401k IRA Rollovers

Why roll over your employer sponsored plans?

In regards to your 401k and other employer related retirement/investment vehicles, I would like to take the time to shed a little light on the subject. Most of my clients prefer to roll their accounts over from employer sponsored plans for various reasons. I thought that I’d highlight just a few for you:

1) The Catholic Faith. I obviously don’t need to go into great detail here, as I’ve covered the Catholic screening process and our USCCB investment guidelines on the “Prosperitas Wealth Management” website, www.investprosperitas.com. Catholic investing has grown an amazing amount in the past 10 years, and I’m very excited to be a part of it!I enjoy seeing many of our Catholic screened funds beat the performance of many of the “secular” funds, and feel quite blessed that our Lord has created this path for my journey in life.

2) Performance. After rolling an account over from an employer sponsored plan, you are able to better control how you would like to diversify and allocate your assets.In an average 401k, the administrator limits you to where your money can be invested. This can lead to “over-lap”, poor diversification, and the probability that excess risk is taken in a large portion of the portfolio without the full “return” aspect. In the big picture and long run, a well managed and balanced account certainly outperforms accounts with little to no professional asset management.

3) Control. Compared to employer sponsored plans, my clients have more control over their accounts when rolled over. This becomes very important down the road when we will need to supplement income with the interest and dividends from portfolio returns. At age 70 1/2, we will in most cases need to take RMD’s (required minimum distributions).

4) Ability to help grow and fund our local parishes and schools. Through the affiliation with the Catholic Order of Foresters, we open up this unique opportunity to help raise money for our Catholic youth programs, pro-life efforts, special need funds, Catholic scholarships, and for those less fortunate.

To get started, I’d like to be able to review your most recent quarterly statement from your investment/retirement account. By reviewing this, we will be able to analyze your performance, and see where your portfolio is currently allocated. I find that over time investment objectives, beneficiary information, and many other details change which can be addressed in a semi-annual or annual portfolio review.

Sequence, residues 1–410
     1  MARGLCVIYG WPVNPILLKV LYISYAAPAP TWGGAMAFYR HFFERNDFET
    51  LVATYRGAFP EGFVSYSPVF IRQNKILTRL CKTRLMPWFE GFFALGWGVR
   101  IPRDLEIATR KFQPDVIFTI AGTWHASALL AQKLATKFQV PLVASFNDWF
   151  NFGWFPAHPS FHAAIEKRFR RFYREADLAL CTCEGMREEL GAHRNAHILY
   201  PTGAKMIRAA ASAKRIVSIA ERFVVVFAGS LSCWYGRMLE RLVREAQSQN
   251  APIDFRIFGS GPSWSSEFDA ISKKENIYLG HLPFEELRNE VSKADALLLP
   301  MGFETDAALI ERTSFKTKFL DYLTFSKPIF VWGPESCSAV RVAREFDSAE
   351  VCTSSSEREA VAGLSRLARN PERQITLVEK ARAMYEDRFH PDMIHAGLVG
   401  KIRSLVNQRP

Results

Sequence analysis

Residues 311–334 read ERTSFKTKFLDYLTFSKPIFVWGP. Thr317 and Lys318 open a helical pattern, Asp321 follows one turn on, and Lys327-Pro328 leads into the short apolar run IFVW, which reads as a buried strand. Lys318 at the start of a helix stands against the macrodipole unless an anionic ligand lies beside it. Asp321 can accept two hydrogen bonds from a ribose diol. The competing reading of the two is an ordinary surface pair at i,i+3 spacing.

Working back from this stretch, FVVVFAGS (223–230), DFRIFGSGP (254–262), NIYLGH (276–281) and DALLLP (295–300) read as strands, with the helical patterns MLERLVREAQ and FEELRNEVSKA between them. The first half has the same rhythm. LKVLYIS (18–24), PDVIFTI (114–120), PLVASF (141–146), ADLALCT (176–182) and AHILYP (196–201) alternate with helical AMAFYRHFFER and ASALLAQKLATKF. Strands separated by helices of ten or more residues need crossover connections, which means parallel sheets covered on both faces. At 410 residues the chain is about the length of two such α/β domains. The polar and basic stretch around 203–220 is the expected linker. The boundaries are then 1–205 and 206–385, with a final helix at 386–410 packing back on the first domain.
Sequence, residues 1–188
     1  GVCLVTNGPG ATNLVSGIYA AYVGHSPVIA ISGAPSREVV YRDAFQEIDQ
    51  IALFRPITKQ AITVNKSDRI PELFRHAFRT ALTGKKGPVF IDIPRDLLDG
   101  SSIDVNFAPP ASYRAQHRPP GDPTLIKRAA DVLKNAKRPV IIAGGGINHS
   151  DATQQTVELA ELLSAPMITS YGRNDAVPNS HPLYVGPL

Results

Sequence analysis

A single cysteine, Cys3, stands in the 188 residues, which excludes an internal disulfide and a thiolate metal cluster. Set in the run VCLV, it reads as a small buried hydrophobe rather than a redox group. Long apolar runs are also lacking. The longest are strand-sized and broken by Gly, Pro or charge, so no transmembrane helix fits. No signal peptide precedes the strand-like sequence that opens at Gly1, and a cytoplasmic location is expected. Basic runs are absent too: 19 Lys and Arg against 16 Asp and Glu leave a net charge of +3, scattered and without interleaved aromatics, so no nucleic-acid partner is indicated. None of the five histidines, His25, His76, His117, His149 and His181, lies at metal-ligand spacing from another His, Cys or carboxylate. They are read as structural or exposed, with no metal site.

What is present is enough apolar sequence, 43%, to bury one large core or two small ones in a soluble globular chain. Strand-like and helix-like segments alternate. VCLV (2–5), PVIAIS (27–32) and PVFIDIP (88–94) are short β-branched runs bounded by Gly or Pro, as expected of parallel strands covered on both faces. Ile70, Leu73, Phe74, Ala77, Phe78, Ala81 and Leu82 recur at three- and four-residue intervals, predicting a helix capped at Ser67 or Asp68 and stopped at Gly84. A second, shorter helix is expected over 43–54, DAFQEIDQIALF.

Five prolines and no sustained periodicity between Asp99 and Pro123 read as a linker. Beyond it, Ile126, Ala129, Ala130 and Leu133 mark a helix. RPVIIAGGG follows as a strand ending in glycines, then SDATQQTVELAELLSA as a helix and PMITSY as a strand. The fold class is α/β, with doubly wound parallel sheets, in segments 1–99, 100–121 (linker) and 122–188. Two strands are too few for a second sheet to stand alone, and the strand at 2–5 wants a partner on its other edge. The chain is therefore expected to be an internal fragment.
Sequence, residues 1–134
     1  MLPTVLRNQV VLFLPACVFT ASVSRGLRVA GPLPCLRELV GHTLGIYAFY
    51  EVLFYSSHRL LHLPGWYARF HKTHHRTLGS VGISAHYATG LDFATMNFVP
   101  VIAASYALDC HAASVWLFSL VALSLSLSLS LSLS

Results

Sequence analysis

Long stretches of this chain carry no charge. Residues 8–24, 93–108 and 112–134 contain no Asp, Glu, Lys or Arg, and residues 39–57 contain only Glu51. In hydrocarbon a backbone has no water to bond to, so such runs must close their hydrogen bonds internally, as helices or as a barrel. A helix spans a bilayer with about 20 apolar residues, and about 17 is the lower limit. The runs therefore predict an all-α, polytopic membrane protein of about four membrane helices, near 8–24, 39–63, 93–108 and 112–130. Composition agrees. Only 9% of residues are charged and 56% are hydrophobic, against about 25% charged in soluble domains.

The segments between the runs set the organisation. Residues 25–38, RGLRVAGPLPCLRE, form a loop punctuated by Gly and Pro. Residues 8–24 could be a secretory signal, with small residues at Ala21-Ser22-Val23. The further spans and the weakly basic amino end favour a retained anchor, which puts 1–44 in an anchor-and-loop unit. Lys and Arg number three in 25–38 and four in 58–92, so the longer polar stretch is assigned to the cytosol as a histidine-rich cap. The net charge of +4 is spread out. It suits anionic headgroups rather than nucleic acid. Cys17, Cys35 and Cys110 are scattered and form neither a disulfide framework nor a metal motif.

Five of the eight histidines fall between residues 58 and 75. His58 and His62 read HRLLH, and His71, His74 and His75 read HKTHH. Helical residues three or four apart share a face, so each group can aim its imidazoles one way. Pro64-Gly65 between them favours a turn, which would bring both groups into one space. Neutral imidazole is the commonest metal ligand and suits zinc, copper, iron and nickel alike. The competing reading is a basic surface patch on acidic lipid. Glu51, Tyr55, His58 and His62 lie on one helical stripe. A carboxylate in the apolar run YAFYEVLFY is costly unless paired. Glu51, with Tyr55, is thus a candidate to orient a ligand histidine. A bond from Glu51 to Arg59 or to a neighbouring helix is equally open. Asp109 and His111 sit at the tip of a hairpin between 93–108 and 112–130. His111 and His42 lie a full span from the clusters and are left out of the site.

The following is general information which may be beneficial to you in forming your decision as to what to do with your retirement assets. Retirement plan assets may represent a large portion of your retirement savings. It is important to give careful consideration to what distribution option is best for you. Generally, there are four options available: 1) Retain the assets in the former employer’s plan; 2) Roll the assets to a Traditional IRA or Roth IRA; 3) Roll the assets to the plan of a new employer; or 4) Receive a direct cash distribution.

If the former employer’s plan was subject to the Employee Retirement Security Act (ERISA), the assets are protected from claims of creditors. However, if the assets are rolled out of the plan to an IRA, assets are only protected as an exempt asset in Bankruptcy up to one million dollars.

You may receive a direct distribution from your employer that is exempt from the Federal 10% early distribution penalty if you retire at age 55 or greater. However, if you rollover your assets to an IRA, distributions prior to age 59 1/2 are subject to the Federal 10% early distribution penalty.

All qualified assets must begin distributions at a stated age, generally 70 1/2. If you are a participant in an employer plan and are not a 5% or more owner and continue working beyond age 70 1/2, distribution may be postponed until you actually retire. If your assets are rolled over to an IRA, distribution must begin no later than April 1 following attainment of age 70 1/2 and each year thereafter.

If the employer’s plan is funded with employer stock, you may be eligible for special tax treatment under the tax code. This special tax treatment is lost if you roll your assets into an IRA which taxes distribution as ordinary income.